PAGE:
Both the `float`

and `double`

primitive Java data types are used to represent decimal numbers, where the key difference is the range of possible values. That is, `double`

has 64-bits available to use, while `float`

only has 32-bits. This means that `double`

can represent numbers with up to 15 digits after the decimal point, while `float`

can only represent 6 digits.

This fact also translates into the amount of memory required. For instance, a large Java ArrayList of primitive floats will hold less memory than one using doubles. It also may have an impact on, potentially, the performance of the underlying application too.

Table of Contents

## Differences between `float`

and `double`

The following points list the differences between `float`

and `double`

:

`double`

has a greater precision than`float`

, it can represent longer numbers.`float`

represents the number sign using 1 bit, a 8 bit exponent and 23 bit mantissa; on the other hand`double`

uses a 11 bit exponent and 52 bit mantissa.- Their bit ranges are different, it is 64-bit in
`double`

and 32-bit in`float`

. `double`

is the default number representation in the JVM, to use`float`

the`f`

suffix notation is required.

## How `float`

and `double`

in Java are similar

The following points list the similarities between `float`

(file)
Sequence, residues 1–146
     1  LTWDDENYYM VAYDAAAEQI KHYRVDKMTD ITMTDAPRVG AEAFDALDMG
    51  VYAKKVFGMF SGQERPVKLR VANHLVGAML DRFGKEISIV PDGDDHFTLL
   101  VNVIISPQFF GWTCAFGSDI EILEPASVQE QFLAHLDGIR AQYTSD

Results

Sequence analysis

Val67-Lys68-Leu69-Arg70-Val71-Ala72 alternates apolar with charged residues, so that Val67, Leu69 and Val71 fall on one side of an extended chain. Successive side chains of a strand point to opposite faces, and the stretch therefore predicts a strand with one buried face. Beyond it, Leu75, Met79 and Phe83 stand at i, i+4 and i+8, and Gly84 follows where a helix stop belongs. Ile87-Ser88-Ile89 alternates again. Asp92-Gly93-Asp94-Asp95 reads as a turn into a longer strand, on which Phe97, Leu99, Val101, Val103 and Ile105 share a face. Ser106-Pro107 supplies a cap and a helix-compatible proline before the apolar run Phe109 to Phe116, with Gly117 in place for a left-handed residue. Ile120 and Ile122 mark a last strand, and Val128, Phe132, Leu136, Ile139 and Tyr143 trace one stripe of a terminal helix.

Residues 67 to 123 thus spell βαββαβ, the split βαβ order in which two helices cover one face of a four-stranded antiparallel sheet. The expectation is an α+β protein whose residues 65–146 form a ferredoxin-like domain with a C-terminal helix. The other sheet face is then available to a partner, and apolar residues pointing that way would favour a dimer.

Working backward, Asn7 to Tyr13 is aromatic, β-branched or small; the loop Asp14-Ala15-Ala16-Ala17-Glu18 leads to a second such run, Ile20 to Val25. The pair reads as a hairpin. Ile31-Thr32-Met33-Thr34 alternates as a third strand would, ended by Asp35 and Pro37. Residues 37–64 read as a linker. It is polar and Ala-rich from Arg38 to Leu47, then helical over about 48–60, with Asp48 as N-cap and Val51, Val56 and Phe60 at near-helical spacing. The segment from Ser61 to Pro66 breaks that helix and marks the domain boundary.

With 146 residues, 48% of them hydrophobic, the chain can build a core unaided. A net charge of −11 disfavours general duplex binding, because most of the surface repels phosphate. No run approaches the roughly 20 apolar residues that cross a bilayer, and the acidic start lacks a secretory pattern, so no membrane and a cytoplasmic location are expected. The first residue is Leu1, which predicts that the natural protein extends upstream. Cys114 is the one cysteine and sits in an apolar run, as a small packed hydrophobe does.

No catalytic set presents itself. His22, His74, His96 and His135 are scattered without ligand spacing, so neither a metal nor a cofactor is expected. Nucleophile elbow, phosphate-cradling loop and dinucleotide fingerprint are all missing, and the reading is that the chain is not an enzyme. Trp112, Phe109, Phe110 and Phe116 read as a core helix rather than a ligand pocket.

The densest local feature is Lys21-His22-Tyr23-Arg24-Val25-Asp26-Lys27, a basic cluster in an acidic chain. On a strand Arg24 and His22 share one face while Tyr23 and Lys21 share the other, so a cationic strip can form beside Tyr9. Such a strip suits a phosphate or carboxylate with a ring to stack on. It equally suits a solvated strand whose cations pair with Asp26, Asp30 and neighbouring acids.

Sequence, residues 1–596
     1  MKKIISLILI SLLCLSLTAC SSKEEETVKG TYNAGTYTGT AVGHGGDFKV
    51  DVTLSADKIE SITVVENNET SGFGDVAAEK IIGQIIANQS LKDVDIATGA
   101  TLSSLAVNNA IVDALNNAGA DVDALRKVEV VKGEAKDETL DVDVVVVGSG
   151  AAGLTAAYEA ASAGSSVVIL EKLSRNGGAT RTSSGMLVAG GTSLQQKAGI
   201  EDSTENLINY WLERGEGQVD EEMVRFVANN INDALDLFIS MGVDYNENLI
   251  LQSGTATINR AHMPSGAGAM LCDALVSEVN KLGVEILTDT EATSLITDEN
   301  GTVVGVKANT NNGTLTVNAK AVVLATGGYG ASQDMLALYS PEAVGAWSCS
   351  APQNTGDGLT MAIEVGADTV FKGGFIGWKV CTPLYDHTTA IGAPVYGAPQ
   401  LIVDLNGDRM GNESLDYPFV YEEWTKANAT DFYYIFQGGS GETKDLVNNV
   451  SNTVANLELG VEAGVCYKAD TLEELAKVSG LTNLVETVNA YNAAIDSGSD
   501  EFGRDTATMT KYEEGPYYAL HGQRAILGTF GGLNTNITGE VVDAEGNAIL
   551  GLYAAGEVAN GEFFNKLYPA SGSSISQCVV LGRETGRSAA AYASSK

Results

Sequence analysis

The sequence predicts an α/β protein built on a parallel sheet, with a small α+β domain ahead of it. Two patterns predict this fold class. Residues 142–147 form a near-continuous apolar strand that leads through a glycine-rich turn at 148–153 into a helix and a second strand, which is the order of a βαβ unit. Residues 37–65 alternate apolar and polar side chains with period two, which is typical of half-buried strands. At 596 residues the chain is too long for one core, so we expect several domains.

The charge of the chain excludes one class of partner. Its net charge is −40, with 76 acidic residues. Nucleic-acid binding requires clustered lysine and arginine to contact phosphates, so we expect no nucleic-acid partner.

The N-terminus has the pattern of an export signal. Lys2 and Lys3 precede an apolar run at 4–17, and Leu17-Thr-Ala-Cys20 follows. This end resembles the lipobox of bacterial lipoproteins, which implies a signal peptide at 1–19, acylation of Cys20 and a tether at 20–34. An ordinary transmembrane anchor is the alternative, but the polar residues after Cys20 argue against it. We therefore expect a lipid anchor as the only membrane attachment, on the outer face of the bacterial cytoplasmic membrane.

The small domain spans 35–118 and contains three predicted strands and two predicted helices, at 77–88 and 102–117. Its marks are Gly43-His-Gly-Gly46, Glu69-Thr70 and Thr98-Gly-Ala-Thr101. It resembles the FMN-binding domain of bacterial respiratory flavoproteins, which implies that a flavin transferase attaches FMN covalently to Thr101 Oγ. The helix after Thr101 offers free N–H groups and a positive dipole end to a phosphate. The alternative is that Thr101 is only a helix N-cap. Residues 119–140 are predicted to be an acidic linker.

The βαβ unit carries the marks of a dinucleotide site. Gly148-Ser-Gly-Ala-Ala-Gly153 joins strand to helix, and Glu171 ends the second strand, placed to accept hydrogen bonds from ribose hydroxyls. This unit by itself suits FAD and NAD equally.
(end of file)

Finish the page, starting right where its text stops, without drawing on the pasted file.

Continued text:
and `double`

:

- Both
`float`

and`double`

are primitive Java data types. `float`

shares the same 64-bit machine value range limits as`double`

.- Neither
`float`

or`double`

can be logically compared to each other with Java equals or not equals operators. - They are both represent fractions using a decimal point and proceeding digits.
- Both
`double`

and`float`

are real numbers, and not integers.

## How to choose whether to use `float`

or `double`

in your Java code

The main thing to consider is whether you have any size requirements or limits in your Java application. As noted, **floating point numbers in Java require less memory space than double**. On the other hand, you should also consider whether you need the fact

**in Java.**

`double`

offers greater precision than `float`

If this is a concern, you should also look into the BigDecimal Java class to see if it is more appropriate to use. That is, the target Java application you are working on, might dictate that you use a certain data type rather than you having the freedom to choose e.g., Investment Banking or Trading software.

If you do choose to use `float`

, then be aware you need to use the `f`

suffix notation everywhere in your Java code. This itself can be a little cumbersome, if you like writing clean code. Alternatively, you can always use the actual Float and Double Java classes instead of using Java primitive data types.